I’m super excited at the news that Laurence King will be publishing a new book Saul Bass: A Life in Film & Design, definitely a book for the DF reference library. For those not so familiar with Saul Bass’ work the biog on the Laurence King website briefly summarises the great mans achievements…
“This is the first book to be published on one of the greatest American designers of the 20th century, who was as famous for his work in film as for his corporate identity and graphic work. Saul Bass (1920-1996) created some of the most compelling images of American postwar visual culture. Having extended the remit of graphic design to include film titles, he went on to transform the genre. His best-known works include a series of unforgettable posters and title sequences for films such as Alfred Hitchcock’s Vertigo and Otto Preminger’s The Man with the Golden Arm and Anatomy of a Murder. He also created some of the most famous logos and corporate identity campaigns of the century, including those for major companies such as AT&T, Quaker Oats, United Airlines and Minolta.
His wife and collaborator, Elaine, joined the Bass office in the late 1950s. Together they created an impressive series of award-winning short films, including the Oscar-winning Why Man Creates, as well as an equally impressive series of film titles, ranging from Stanley Kubrick’s Spartacus in the early 1960s to Martin Scorsese’s Cape Fear and Casino in the 1990s.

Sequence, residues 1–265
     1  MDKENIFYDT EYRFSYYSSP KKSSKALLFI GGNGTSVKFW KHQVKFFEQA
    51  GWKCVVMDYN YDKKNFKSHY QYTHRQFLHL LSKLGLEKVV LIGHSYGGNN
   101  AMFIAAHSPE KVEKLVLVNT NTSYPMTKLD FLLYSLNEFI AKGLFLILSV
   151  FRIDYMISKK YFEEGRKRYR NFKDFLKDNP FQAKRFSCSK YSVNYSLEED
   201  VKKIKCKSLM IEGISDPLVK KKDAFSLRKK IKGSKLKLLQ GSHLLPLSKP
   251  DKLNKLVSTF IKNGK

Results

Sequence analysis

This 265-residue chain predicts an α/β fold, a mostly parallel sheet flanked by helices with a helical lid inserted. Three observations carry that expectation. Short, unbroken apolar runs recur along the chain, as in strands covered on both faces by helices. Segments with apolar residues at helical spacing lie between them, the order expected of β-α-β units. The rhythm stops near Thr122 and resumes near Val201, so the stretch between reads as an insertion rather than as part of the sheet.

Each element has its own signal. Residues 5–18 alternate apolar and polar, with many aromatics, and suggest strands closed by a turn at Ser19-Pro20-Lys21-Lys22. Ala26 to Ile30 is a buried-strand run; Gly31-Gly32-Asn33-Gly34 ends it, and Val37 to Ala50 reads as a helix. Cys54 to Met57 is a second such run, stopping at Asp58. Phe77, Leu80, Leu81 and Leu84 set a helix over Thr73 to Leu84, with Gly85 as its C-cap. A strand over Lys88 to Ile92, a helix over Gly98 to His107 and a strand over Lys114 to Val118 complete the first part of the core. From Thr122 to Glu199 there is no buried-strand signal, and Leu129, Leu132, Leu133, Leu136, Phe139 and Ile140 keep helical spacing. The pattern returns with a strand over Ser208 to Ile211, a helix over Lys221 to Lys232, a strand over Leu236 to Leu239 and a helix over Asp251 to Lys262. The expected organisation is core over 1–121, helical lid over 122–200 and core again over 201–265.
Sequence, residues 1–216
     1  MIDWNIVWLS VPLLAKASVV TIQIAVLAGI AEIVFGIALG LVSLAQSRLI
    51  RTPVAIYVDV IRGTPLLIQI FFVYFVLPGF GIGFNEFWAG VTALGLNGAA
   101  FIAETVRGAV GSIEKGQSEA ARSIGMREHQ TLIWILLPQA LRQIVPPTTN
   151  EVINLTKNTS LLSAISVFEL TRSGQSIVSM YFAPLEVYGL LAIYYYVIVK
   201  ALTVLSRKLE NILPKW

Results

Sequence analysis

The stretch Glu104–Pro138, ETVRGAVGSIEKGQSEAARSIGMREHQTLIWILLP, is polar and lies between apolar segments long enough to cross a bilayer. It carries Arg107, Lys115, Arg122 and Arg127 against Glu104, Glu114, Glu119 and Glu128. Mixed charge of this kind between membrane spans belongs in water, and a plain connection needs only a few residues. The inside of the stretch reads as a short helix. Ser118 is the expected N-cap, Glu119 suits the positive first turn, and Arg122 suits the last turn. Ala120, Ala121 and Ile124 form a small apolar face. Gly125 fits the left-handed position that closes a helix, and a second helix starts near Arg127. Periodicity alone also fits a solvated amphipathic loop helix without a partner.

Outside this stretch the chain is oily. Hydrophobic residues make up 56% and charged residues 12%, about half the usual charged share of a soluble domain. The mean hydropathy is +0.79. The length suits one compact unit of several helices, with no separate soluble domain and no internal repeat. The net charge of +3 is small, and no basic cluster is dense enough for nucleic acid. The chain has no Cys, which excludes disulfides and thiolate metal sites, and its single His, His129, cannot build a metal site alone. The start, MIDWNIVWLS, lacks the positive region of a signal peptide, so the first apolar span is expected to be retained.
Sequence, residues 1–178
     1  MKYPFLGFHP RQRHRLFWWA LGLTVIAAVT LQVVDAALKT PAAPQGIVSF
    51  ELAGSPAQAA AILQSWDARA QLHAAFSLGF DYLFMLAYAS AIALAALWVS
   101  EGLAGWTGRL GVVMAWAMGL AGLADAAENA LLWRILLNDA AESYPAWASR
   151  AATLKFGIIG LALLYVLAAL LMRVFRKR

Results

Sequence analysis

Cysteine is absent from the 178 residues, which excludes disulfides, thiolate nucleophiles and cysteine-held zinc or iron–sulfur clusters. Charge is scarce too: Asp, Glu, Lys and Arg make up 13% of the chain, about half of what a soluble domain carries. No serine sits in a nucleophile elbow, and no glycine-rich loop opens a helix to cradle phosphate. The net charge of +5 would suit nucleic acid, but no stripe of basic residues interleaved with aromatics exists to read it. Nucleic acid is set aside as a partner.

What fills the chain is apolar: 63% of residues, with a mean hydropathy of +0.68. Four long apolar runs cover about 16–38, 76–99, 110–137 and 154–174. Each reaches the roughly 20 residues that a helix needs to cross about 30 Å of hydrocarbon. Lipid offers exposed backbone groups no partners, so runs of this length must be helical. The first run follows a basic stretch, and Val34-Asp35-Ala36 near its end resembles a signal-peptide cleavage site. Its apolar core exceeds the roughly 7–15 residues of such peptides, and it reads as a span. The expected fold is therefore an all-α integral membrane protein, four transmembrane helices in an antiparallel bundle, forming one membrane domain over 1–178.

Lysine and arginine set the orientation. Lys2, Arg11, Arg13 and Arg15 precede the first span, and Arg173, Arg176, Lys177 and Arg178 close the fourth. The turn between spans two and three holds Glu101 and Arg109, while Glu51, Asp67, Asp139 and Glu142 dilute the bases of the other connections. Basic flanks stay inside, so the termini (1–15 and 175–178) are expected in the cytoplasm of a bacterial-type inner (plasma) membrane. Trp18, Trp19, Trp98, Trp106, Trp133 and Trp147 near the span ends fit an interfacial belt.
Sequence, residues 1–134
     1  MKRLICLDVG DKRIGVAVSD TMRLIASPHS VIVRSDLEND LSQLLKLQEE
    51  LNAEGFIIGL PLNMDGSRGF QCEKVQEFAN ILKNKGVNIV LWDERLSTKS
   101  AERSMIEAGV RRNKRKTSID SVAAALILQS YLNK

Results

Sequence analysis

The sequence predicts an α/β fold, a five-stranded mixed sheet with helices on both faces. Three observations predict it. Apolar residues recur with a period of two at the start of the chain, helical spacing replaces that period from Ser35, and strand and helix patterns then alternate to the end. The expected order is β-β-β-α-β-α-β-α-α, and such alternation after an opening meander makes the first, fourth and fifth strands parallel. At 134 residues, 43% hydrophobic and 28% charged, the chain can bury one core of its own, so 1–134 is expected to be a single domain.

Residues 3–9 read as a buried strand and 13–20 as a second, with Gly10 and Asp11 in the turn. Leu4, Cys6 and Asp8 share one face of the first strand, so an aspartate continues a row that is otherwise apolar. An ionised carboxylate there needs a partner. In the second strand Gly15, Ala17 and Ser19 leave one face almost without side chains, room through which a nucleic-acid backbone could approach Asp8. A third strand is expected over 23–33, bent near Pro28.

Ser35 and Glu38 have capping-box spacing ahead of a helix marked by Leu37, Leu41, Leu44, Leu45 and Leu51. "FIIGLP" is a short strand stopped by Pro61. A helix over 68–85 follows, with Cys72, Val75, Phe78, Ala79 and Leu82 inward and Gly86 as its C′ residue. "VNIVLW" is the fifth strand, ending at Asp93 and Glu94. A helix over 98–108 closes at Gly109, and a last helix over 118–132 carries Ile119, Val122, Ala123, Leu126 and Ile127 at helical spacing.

Designed by Saul Bass’s daughter Jennifer and written by distinguished design historian Pat Kirkham, who knew Saul Bass, this book contains more than 1,400 illustrations, many from the Bass archive and never published before, providing an in-depth account of one of the leading graphic artists of the 20th century.”
As a footnote – one of the best exhibitions I ever had the fortune to see was the Saul Bass exhibition at the Design Museum back in 2004 which really blew me away. If I had to pull out a single piece of work by Mr Bass I’d have to go for the Magnificent Seven Poster above, the western remake of the 1954 classic Seven Samurai, beautifully simple in my opinion. Here’s a link to some of the goodies that where on show back in 2004 and while you’re there check out the rest of the graphical goodies on insect54’s flickr stream.